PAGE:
Throughout the testing process, the ultrasonic P-wave velocity of the sandstone specimens was tested every 3 seconds. The propagation time of the P-wave in the specimens was determined by recording the P-wave form, and then the real-time P-wave velocity and evolution of the specimens in the loading process were obtained by considering the collected data.
2.2. Experimental Equipment and Data Processing
All experiments were carried out utilizing the MTS815 rock mechanics testing system of Sichuan University. The maximum axial compressive load of this machine was 4600 kN. The range of the axial extensometer was ±4 mm. The range of the transverse extensometer was −2.5∼12.5 mm. The test accuracy of each test sensor was within 0.5% of the reading (RD). The ultrasonic P-wave velocity was monitored and recorded by a digital phosphor oscilloscope (TDS3014, Tektronix, USA), pulser-receiver (5077PR, Olympus, Japan), and data acquisition controller (3499B, Agilent, USA), which work in combination with the MTS815 system and constitute the real-time monitoring and display of the P-wave in the rock mechanics tests. This system provided the hardware required for the study of the relationship between the P-wave velocity and stress. Figure 1 shows the configuration of the MTS815 system and ultrasonic instruments.
According to the strength and density of the sandstone specimens, a pulse voltage signal of 400 V was selected for this testing. The excitation and reception frequencies of the P-wave were both 500 kHz. As shown in Figure 1, pure lead foils with a thickness of 0.3 mm were added at the ends of the samples to eliminate the effect of the end unevenness of the specimens. In this testing, the setting file was run first, and the pulse voltage was triggered automatically according to the preset time increment in the setting file.
The real-time P-wave velocity data of each test piece were output as a WFM file. The real-time P-wave velocity of each timing point was viewed and calculated by using Acoustic P-waveform Viewer software and was stored as a VEL file, which was converted into an Excel file. Combined with the loading data recorded by the MTS815 testing machine, the real-time analysis of the relationship between the P-wave velocity characteristics and the stress was carried out by taking time as an intermediate variable. The propagation time of the P-wave was the time between the starting point of the excited pulse voltage and the starting point of the received P-waveform. For the P-waveform signals recorded during the loading process of the sandstone specimens, the P-wave velocity was calculated with the following expression :where is the P-wave velocity (m/s); Tp1 is the time when the P-wave starts to propagate; Tp2 is the time when the receiving probe receives the P-wave; L is the length of the specimen before it is loaded (m); and ε1 is the strain along the P-wave propagation direction produced in the test specimens during loading.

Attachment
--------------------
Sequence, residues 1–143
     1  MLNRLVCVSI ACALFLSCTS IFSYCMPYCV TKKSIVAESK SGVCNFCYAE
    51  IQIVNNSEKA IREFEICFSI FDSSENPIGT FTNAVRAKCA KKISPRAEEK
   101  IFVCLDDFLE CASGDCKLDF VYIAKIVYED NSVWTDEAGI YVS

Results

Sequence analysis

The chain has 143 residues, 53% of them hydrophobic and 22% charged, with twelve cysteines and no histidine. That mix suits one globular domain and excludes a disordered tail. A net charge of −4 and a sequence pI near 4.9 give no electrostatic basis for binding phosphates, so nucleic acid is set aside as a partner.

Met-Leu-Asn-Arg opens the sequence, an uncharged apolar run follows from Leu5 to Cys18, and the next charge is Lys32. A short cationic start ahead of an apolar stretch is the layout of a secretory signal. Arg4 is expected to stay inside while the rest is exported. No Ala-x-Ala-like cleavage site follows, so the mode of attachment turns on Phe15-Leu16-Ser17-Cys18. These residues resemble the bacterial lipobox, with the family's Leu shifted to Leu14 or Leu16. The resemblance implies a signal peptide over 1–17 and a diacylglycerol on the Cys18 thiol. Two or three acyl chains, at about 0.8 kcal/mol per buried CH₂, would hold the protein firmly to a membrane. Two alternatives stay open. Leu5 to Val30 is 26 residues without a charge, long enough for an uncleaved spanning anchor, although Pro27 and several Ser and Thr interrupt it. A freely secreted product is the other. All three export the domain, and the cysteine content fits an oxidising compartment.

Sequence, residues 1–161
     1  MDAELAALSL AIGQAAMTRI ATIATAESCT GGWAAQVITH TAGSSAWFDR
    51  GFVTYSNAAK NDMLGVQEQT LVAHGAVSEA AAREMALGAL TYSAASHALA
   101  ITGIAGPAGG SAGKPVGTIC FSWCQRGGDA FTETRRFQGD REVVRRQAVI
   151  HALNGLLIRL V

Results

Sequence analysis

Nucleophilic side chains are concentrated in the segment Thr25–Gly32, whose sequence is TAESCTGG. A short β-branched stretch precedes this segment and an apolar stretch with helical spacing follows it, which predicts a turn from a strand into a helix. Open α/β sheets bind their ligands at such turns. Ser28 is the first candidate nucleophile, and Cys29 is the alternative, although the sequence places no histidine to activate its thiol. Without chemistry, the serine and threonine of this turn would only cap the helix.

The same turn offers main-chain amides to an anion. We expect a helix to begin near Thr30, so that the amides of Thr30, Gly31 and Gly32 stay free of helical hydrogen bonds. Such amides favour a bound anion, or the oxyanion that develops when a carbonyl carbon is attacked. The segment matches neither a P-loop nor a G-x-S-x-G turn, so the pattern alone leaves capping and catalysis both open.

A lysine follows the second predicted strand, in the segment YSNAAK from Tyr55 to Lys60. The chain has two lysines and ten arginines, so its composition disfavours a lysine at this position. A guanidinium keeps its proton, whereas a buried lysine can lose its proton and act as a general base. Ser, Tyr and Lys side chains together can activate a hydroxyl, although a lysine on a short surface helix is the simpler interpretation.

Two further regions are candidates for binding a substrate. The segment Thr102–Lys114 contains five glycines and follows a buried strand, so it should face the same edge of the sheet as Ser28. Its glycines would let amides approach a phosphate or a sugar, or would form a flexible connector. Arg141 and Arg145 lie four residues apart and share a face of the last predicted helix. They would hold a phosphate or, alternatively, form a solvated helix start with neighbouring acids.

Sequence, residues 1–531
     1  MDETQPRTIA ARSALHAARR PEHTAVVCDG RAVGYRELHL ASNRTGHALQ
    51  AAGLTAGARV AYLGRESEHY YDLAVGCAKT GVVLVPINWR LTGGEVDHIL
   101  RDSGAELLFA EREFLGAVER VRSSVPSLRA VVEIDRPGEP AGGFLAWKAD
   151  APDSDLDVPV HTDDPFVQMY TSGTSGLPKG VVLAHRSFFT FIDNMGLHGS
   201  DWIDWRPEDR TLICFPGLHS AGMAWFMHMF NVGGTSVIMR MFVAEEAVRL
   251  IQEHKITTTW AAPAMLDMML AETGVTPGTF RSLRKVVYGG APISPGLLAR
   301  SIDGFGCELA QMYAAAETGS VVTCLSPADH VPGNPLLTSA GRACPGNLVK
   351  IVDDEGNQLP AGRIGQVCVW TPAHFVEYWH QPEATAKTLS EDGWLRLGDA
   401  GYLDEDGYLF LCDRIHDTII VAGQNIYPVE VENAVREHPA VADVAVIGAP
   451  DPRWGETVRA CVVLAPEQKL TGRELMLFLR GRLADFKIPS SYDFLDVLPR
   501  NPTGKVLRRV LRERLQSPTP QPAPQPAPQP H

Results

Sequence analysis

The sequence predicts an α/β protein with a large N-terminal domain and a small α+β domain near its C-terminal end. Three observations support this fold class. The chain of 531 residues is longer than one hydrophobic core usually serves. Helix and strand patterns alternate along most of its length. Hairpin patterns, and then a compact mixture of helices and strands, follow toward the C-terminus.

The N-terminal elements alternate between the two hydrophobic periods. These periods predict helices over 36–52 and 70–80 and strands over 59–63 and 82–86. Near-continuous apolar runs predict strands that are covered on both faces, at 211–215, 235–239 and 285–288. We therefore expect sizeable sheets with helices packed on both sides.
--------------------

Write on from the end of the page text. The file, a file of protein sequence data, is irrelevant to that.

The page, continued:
3. Results and Discussion
3.1. The Mechanical Behavior of Sandstone under Loading and Unloading Conditions
The complete stress-strain curves of the sandstone specimens are shown in Figure 2. During the initial loading stage, the sandstone samples show obvious nonlinear deformation characteristics when the axial stress level is within approximately 30% of the peak strength. During uniaxial loading-unloading, the specimen is always in a state of compression in the axial direction and in a state of expansion in the circumferential direction. The testing results shown in Table 1 also indicate that the UCS of sandstone is highly correlated with its elastic modulus. The greater the elastic modulus of sandstone specimens is, the greater the UCS is. The loading and unloading results remain in the elastic loading section, so the stress-strain curve loops corresponding to these two cycles coincide. However, axial stress unloading still causes damage to the sample, so the initial loading curve and reloading curve do not coincide.
During the loading and unloading processes, when the stress is less than approximately 30% of the peak strength, nonlinear deformation of sandstone the samples arises, similar to that in the initial loading section, which indicates that the compressibility of the pores and fractures in the sandstone samples is nonlinear. During the loading process, the extents of the compression of the sandstone pores and fractures are different under different stress levels, which directly leads to the differential evolution of the acoustic characteristics of roof sandstones.
In addition, the parts of the stress-strain curves corresponding to the last loading process are similar to those of a typical rock specimen under uniaxial loading, which can be generally divided into four stages , i.e., compaction, elastic deformation, plastic deformation, and failure. During loading and unloading, a hysteretic effect is generated and results in a plastic hysteretic loop in the stress-strain curve, accompanied by the dissipation of energy in the specimens.
3.2. The P-Wave Velocity-Stress Relationship of Loaded Roof Sandstone
3.2.1. Evolution of the P-Wave Velocity of Sandstone under Uniaxial Loading-Unloading Conditions
The relationships between the P-wave velocity and the stress of the specimens during uniaxial loading-unloading are shown in Figure 3 and can be divided into 5 stages according to the branch of each loop, namely, the L1, U1, L2, U2, and L3 stages. The P-wave velocity of sandstone is directly related to the axial stress. During the initial loading of the specimen, the P-wave velocity increases rapidly. With an increase in the axial stress, the increase in the P-wave velocity slows. During unloading, the P-wave velocity decreases with the decrease in axial stress, and then during reloading and unloading, the wave velocity changes with the increase and decrease in axial stress, similar to the previous observations. The P-wave velocity changes slowly at high stress levels and rapidly at low stress levels. When the axial stress continues to increase beyond the maximum stress of the previous loading process, the P-wave velocity exhibits a certain increase from the previous highest P-wave velocity, but the increment of the P-wave velocity is small.